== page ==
Villanueva urges CHED, DOH to fast track implementation of ‘Doktor Para sa Bayan’ Law
Recruiting medical scholars should be as funded and as focused as government preparations for the May 2022 elections, Senator Joel Villanueva said, adding that “future physicians are the most important hire the government should make at this time.”
Villanueva, principal sponsor and author of the landmark Doktor Para Sa Bayan law, said the medical scholarship program, when fully implemented, will double the number of medicine graduates staying in the country and bring medical services closer to far-flung communities through the return service program.
“Coming from the pandemic, this is the most important health insurance we should have,” he said in a statement. “We’re confident that the Commission on Higher Education is leaving no stone unturned when it comes to the implementing rules of this very important measure. We hope that the IRR is released just before the Academic Year opens in the next few months.”
He explained that if billions in taxpayer’s money is spent to hold elections for 18,000 national and local posts every three years, the amount to produce the same number of doctors is definitely much lower.
There are only 3 practicing doctors for every 10,000 Filipinos, with the ratio higher in rural communities as doctors concentrate around patient-rich urban centers.
To address this, Congress passed the Doktor Para Sa Bayan bill, which President Duterte signed into law as Republic Act 11509 in December last year.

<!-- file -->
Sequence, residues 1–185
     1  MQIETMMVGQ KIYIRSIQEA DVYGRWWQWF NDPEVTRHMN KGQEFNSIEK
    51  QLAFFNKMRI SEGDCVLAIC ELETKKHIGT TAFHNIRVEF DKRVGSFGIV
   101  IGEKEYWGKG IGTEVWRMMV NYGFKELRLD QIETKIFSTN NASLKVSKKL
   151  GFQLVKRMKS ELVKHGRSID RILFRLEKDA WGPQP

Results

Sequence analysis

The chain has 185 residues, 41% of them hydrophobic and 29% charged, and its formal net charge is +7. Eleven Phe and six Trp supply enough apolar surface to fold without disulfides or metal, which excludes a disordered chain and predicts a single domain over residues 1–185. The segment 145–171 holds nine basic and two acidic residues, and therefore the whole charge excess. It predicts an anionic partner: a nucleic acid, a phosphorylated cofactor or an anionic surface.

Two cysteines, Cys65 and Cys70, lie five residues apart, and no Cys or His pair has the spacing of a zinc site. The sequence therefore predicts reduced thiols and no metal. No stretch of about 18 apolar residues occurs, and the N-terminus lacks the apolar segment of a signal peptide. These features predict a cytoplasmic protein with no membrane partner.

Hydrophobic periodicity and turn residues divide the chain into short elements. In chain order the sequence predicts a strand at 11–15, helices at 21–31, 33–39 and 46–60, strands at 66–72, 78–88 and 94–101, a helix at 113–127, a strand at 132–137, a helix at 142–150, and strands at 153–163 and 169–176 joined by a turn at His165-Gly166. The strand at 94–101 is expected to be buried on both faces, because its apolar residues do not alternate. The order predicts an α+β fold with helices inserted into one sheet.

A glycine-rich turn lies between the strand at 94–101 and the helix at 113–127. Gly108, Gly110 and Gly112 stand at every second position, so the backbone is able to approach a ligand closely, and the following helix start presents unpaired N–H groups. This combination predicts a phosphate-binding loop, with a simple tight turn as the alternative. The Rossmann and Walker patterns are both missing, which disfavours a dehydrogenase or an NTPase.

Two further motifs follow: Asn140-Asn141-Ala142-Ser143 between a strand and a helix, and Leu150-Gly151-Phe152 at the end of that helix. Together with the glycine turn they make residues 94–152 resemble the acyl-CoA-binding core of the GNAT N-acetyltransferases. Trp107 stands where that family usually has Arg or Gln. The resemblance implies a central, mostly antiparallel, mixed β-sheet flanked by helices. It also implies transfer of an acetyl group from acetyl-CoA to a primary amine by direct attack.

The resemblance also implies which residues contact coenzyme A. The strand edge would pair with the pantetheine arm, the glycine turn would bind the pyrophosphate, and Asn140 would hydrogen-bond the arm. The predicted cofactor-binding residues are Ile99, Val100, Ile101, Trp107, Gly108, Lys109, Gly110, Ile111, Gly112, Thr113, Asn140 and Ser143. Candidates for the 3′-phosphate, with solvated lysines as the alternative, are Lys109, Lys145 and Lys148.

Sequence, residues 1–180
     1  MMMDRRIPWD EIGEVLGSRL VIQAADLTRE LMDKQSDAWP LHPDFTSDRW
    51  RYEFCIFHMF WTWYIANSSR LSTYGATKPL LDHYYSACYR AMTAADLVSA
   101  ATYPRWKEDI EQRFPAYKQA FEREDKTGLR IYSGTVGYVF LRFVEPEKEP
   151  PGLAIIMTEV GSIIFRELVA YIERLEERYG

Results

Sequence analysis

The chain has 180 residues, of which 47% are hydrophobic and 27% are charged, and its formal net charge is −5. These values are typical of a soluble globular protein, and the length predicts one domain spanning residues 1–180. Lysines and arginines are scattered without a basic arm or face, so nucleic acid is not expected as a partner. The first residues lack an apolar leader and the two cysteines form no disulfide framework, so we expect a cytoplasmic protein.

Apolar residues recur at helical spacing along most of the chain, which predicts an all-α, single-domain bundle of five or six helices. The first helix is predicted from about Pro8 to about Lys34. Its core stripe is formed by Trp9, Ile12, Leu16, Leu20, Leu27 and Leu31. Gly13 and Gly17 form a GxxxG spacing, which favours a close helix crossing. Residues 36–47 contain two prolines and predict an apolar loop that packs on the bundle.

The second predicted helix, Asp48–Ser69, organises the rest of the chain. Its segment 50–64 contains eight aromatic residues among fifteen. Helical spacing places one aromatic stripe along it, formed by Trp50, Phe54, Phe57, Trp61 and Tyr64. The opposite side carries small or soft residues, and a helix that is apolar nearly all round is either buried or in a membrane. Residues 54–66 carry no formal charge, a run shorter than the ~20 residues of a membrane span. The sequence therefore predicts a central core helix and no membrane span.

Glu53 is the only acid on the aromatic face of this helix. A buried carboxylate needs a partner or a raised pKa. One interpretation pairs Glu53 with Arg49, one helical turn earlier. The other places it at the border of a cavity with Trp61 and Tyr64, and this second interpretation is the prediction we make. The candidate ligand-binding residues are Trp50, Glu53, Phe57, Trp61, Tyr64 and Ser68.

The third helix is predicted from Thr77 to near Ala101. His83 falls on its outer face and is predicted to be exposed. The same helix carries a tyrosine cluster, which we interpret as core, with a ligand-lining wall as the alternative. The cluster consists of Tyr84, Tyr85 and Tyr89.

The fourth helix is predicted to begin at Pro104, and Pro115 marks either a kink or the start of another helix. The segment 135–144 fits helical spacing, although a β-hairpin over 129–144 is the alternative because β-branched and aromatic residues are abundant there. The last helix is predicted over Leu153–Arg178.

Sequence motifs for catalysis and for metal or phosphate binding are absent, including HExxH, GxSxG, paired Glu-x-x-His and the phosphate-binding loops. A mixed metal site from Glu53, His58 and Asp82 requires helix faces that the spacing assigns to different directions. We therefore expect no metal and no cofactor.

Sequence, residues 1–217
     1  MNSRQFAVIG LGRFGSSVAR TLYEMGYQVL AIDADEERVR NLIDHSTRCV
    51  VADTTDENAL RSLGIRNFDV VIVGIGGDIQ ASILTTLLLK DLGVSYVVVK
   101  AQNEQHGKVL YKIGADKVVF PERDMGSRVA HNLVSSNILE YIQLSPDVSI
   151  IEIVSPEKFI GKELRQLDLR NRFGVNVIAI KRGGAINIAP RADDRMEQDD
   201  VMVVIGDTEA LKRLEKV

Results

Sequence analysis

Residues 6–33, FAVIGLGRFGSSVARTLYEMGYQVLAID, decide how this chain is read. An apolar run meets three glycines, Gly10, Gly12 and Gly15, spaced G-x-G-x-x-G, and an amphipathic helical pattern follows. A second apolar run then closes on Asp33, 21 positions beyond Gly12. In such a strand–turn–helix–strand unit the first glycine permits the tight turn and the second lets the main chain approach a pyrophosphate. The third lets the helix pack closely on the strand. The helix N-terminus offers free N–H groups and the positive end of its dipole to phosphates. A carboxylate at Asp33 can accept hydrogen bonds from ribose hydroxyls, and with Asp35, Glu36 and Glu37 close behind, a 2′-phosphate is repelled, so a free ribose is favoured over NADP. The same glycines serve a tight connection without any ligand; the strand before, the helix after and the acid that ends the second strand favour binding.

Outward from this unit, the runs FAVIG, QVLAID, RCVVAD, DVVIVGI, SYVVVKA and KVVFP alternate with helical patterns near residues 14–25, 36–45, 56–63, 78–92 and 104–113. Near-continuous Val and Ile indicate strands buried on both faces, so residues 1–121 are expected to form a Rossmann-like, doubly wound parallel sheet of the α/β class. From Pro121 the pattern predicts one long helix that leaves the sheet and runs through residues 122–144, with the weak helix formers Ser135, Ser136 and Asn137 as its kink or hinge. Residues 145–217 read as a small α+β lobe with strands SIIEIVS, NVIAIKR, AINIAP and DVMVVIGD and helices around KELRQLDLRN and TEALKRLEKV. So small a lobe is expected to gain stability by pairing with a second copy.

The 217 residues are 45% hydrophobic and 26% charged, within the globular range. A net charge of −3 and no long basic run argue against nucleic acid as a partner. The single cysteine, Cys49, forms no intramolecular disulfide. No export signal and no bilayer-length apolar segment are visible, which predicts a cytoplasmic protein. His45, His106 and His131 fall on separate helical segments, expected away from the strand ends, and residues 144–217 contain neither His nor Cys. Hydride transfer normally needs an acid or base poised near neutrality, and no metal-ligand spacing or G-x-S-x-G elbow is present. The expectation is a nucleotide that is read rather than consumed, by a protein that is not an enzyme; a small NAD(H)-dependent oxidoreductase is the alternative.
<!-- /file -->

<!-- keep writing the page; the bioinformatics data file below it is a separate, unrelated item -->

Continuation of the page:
“Coming from the pandemic, this is the most important health insurance we should have.”
The law “consolidates and harmonizes” all state medical scholarship programs under a single Medical Scholarship and Return Service (MSRS) program.
The scholarship covers tuition and other school fees; books, supplies, and equipment; clothing, dormitory and transportation allowances; internship, medical board review and licensure fees; and a monthly stipend.
Once scholars obtain their licenses, they “repay” the state by serving as physicians in underserved communities and government facilities.
Villanueva said two state universities received the greenlight from the Commission on Higher Education to open their medical schools: Western Mindanao State University in Zamboanga Peninsula, and Cebu Normal University in Cebu. The latest additions bring to 10 the number of SUCs offering medical programs in their institutions.
Villanueva urged CHED and DOH to create a website on the scholarship program “that will serve as a one-stop information center and application portal.”
He called on the CHED, DOH and DBM to immediately release the law’s implementing rules and regulations “in time for the opening of the second semester.”
“Tulad po ng mga ating mga government projects, do not delay rin po ang panawagan natin sa implementasyon ng Doktor para sa Bayan law, alang-alang buhay at kalusugan at kalusugan ng ating mamamayan,” he said.